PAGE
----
Film and Television Features

Home Cinema – The Czechoslovak New Wave

In this monthly column we look at the newest releases in home cinema Blu-Ray and DVD, with a particular focus on the best of cult and classic cinema. A few months ago I devoted a column to cinematic ‘New Waves’: the national film movements that tore apart cinema’s rulebook and revolutionised the way stories could be told. My personal favourite of these New Waves is the one that originated in Communist Czechoslovakia during in the 1960’s. Out of these, perhaps surprising, origins came an absolutely dizzying burst of creativity and imagination, which burnt brightly for nearly a decade before being stamped out by the authorities. For years now Second Run have been the UK’s caretaker of this movement, releasing nearly all of its classic titles on DVD. This month continues that tradition, with their release of All My Good Countrymen. First though, I’ll be taking a look at The Firemen’s Ball and Closely Observed Trains, the first Czechoslovak New Wave classics to be released on Blu-Ray in the UK, both of which have been recently released by Arrow.

The Fireman’s Ball (Blu-Ray & DVD, Arrow)
Before he departed for America and made his name with films such as One Flew Over The Cuckoo’s Nest and Amadeus, director Milos Forman was developing his craft producing realist comedies in his native Czechoslovakia. Films of his such as the wonderful A Blonde In Love stood out for their interest in the lives of everyday people, which Forman was able to depict with a sharply observed yet tender humour. The last of these films, The Firemen’s Ball, was one of his best, but also managed to displease the authorities so much that it was officially ‘banned forever’. On initial glance it might seem difficult to understand why the film provoked such a severe response. The film itself is a gentle comedy about elderly firemen attempting to organise a small town ball, but being continually undermined by their own ineptitude and ridiculousness. The men fancy themselves as important figures of respectability, yet everything they turn their hand to over the course of the evening descends into anarchy. The raffle prizes go missing one by one, the beauty contest devolves into a lecherous shambles, and the commemorative firemen’s union banner they raise promptly bursts into flames.

The Firemen’s Ball is a film about things falling apart then, but more importantly it’s a fantastic comedy about people. Absolutely key to the film is the naturalistic performances at its heart, which Forman encouraged by working exclusively with non-professional actors, and often by including only the most awkward, uncertain takes in the final film. Furthermore, Forman and his crew shot many scenes at a distance, meaning the actors were forced to remain in character as they couldn’t be sure if they were on camera or not (a technique famously later used by Robert Altman in Hollywood). The result is a film without an ounce of sheen on it. Everything feels clumsy, bumbling, and dishevelled. In other words, everything feels completely normal and believable, and the comedy works because of it. What’s really remarkable though is just how well it all works. Non-professionals the actors may be, but there’s a great assortment of genuinely funny performances here, and it’s a pleasure just meandering through the village hall and taking in the gradually unfolding chaos.

Given the fairly straightforward nature of its narrative, The Firemen’s Ball leaves itself wide open to interpretation. At its heart this is a film about the futility of idiotic men trying to assert their authority, so it’s perhaps unsurprising that many interpreted the film as being a critique of the Communist authorities. Forman himself avoided confirming such a reading, but once seen it’s hard to un-see, and it certainly lends the film a rewarding extra dimension. Even without this however, The Firemen’s Ball is a film from which nobody emerges looking especially positive, and it soon earned the wrath of the censors. Filmmakers around the world have always struggled with censorship, but in 1960’s Czechoslovakia a wrong move could be ruinous. It’s a sad fact that the only reason Forman went onto become a prominent director, or even that he got to continue making quality films in the first place, was because he fled his home country to work in Hollywood instead. Many of his colleagues weren’t so lucky, and the Czechoslovak New Wave is littered with wonderful directors with disappointingly short, but brilliant, careers.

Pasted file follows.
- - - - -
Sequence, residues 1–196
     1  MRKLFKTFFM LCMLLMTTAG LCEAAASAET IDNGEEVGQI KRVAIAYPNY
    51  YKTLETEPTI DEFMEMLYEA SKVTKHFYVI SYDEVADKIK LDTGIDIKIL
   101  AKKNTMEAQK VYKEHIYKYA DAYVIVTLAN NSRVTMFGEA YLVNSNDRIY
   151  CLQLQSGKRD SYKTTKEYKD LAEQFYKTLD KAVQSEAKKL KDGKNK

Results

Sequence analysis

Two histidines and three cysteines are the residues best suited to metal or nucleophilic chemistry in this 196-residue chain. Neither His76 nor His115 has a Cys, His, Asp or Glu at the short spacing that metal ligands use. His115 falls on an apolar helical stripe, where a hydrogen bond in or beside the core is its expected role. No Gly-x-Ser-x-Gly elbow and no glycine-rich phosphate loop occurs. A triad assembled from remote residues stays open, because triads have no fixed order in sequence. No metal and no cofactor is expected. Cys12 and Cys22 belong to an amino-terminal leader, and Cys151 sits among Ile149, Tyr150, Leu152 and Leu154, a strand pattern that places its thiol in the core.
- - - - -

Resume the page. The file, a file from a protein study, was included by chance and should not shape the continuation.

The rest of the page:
There’ve been very few Czechoslovak New Wave films released anywhere in the world on Blu-Ray, and as such we’ve rarely seen many special features dedicated to the movement before. This disc does a great job of leading the way, with a bunch of features that not only introduce the film, but also the movement itself. An appreciation by Czech film expert David Sorfa grounds the film in its historical context, as well as offering detailed analysis of the film’s key scenes, with an appropriately thorough focus on the acting. Meanwhile, the feature ‘New Wave Faces’ knowledgeably discusses the many non-professionals who appear in this film, and along the way acts as an entertaining primer to the Czechoslovak New Wave in general.

Closely Observed Trains (Blu-Ray & DVD, Arrow)
Set in wartime Czechoslovakia, Closely Observed Trains concerns the employees of a local train station living under the shadow of Nazi occupation. The Nazis have already begun to lose the conflict by now, though they take great pains to explain to the train station staff how in reality it’s all part of a much more ingenious tactical retreat. A small handful of the station workers though, eager to play their part in further speeding up this retreat, decide to resist their occupiers, and initiate a plan to blow up an incoming Nazi ammunition train. Except…Closely Observed Trains isn’t really about any of this at all. Life and death conflicts may be unfolding around them, but the characters of Closely Observed Trains remain primarily fixated on petty squabbles, status, and sex. Primarily sex.